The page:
mundane

adjective
mun·dane | \ ˌmən-ˈdān , ˈmən-ˌ \

Definition of mundane 

1 : of, relating to, or characteristic of the world

2 : characterized by the practical, transitory, and ordinary : commonplace the mundane concerns of day-to-day life

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Other words from mundane

mundanely adverb
mundaneness \-ˈdān-nəs, -ˌdān- \ noun
mundanity \ˌmən-ˈdā-nə-tē \ noun

Choose the Right Synonym for mundane

earthly, worldly, mundane mean belonging to or characteristic of the earth. earthly often implies a contrast with what is heavenly or spiritual. abandoned earthly concerns and entered a convent worldly and mundane both imply a relation to the immediate concerns and activities of human beings, worldly suggesting tangible personal gain or gratification worldly goods and mundane suggesting reference to the immediate and practical. a mundane discussion of finances

Examples of mundane in a Sentence

On him, a mundane navy blazer looked like an Armani dinner jacket; around him, a dusky locker room became the chandeliered lobby of the Savoy. —Curry Kirkpatrick, ESPN, 19 Mar. 2001 How did our ancestors pass from the mundane activity of counting to the concept of 'number' in the abstract, devoid of any particular collection of objects to label? —John D. Barrow, Pi in the Sky, 1992 They decided on buttock tattoos, rather than the more mundane engagement ring, because a tattoo is permanent. You can always pawn a ring. —Mike Royko, Chicago Tribune, 25 Aug. 1988 The day began with the mundane business of getting my white chiffon dress shortened … —Lady Bird Johnson, January 14, 1964, in A White House Diary1970 mundane chores, like washing dishes They lead a pretty mundane life. prayer and meditation helped her put her mundane worries aside
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Recent Examples on the Web

Women almost never become art monsters because art monsters only concern themselves with art, never mundane things. Charlotte Shane, The New Republic, "Living in David Lynch’s Art Life," 26 June 2018 And plenty of people take MBAs and then continue on to mundane corporate jobs. The Economist, "Can you teach entrepreneurship?," 7 June 2018 In Goldberg’s view, more people need to work at the sometimes mundane job of defending civilization. NBC News, "Conserving 'conservatives' in the Trump era," 19 Apr. 2018 China is the major supplier of a number of mundane but crucial materials and components needed to keep the world’s factories humming. Alexandra Stevenson, New York Times, "How Rare Earths (What?) Could Be Crucial in a U.S.-China Trade War," 11 July 2018 Every generation wants some assurance that no matter how mundane or messed up our lives are, love might be just around the corner. Alissa Wilkinson, Vox, "Netflix’s totally delightful Set It Up proves just how durable the romcom formula is," 29 June 2018 Its missions could include surveillance that would be either too mundane or dangerous for human submarine crews to tackle and reconnaissance. Samantha Masunaga, latimes.com, "Boeing's robot submarine is back roaming off the California coast," 23 June 2018 The recurrent theme is one of human life thrown off course by disaster, whether world-historical or mundane. George Packer, The New Yorker, "Briefly Noted," 16 June 2018 Like Galvan’s clothing designs, the boutique is minimal but not mundane. Olivia Martin, Town & Country, "London It-Girl Evening-Wear Brand Galvan Lands in Soho," 12 June 2018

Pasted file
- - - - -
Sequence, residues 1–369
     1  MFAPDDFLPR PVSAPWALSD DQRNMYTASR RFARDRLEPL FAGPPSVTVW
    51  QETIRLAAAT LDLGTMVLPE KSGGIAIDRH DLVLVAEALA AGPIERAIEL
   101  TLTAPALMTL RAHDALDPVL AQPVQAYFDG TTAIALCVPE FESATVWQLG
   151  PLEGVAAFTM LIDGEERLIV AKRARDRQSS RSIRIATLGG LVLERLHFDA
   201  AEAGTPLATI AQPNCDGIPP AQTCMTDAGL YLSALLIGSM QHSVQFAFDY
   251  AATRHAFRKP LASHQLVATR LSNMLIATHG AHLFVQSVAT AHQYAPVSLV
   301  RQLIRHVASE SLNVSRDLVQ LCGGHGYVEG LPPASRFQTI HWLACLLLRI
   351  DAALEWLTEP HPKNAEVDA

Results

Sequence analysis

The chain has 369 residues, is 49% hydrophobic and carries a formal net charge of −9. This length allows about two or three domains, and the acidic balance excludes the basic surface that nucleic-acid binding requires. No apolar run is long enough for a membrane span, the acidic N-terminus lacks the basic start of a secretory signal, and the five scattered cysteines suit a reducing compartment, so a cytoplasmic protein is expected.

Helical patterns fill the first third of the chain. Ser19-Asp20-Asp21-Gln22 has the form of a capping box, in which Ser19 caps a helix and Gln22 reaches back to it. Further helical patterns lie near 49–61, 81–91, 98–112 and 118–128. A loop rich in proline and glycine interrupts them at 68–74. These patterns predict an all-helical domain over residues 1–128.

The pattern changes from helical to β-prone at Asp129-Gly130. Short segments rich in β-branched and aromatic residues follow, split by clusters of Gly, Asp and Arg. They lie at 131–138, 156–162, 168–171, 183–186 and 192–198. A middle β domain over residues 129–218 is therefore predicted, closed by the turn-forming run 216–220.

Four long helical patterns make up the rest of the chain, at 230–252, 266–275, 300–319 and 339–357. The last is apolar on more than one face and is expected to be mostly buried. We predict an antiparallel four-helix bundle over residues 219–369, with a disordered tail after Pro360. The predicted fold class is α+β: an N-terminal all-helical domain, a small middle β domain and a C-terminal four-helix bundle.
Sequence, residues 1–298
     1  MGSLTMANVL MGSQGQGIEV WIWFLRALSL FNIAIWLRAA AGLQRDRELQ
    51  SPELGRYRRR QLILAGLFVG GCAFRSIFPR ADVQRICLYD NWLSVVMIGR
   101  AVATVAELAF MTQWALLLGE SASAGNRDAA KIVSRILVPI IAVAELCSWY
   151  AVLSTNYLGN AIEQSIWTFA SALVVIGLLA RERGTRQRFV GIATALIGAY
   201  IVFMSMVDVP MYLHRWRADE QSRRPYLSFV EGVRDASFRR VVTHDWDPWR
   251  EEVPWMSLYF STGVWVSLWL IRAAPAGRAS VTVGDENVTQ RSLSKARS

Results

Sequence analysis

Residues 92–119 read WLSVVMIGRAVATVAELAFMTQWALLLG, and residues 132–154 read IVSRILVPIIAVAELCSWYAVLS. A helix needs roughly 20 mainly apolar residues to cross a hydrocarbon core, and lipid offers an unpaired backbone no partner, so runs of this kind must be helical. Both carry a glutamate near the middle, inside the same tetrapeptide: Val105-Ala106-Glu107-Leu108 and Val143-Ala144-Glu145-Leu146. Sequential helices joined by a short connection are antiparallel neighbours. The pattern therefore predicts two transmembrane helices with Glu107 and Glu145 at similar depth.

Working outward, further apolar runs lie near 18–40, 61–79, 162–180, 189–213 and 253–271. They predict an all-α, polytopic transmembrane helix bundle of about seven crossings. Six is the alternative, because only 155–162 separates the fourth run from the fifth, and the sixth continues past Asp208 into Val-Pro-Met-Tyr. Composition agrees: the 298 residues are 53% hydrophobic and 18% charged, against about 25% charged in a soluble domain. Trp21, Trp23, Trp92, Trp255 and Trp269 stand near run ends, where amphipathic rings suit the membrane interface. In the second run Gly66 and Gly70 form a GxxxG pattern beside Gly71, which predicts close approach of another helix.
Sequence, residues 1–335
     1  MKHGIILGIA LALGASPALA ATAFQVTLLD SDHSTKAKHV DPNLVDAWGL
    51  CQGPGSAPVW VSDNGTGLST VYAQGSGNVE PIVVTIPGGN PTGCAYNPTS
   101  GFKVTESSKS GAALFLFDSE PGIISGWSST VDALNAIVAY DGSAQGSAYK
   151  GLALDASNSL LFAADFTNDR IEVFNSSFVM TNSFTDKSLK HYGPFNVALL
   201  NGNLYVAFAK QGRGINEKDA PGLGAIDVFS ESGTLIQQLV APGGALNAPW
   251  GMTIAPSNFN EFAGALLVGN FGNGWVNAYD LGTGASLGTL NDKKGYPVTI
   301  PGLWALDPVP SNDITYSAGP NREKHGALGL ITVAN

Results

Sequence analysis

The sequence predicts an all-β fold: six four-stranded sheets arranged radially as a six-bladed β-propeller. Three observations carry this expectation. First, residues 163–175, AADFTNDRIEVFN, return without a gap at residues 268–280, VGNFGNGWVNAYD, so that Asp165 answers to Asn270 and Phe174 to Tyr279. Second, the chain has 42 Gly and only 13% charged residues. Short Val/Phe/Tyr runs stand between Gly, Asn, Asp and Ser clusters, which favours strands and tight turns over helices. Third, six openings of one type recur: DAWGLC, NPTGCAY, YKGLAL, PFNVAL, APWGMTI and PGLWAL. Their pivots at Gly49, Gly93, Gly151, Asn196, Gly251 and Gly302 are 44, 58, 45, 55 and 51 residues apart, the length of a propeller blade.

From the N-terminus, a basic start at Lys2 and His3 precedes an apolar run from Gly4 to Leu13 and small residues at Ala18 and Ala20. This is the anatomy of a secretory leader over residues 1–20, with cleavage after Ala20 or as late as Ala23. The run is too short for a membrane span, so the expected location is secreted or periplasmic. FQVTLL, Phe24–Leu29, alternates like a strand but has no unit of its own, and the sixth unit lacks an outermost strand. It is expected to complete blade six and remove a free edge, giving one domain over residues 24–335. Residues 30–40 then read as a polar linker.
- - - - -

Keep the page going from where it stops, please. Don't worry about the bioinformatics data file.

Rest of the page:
These example sentences are selected automatically from various online news sources to reflect current usage of the word 'mundane.' Views expressed in the examples do not represent the opinion of Merriam-Webster or its editors. Send us feedback.

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First Known Use of mundane

15th century, in the meaning defined at sense 1

History and Etymology for mundane

Middle English mondeyne, from Anglo-French mundain, from Late Latin mundanus, from Latin mundus world

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Learn More about mundane

Dictionary Entries near mundane

Muncie

mund

Munda

mundane

mundane astrology

mundane house

Mundari

Statistics for mundane

Last Updated

16 Sep 2018

Look-up Popularity

Time Traveler for mundane

The first known use of mundane was in the 15th century

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More Definitions for mundane

mundane

adjective

English Language Learners Definition of mundane

: dull and ordinary

: relating to ordinary life on earth rather than to spiritual things

mundane

adjective
mun·dane | \ ˌmən-ˈdān , ˈmən-ˌdān \

Kids Definition of mundane

1 : dull and ordinary I helped with mundane tasks, like doing dishes.

2 : relating to ordinary life on earth rather than spiritual things

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More from Merriam-Webster on mundane

Thesaurus: All synonyms and antonyms for mundane

Spanish Central: Translation of mundane

Nglish: Translation of mundane for Spanish Speakers

Britannica English: Translation of mundane for Arabic Speakers

Comments on mundane

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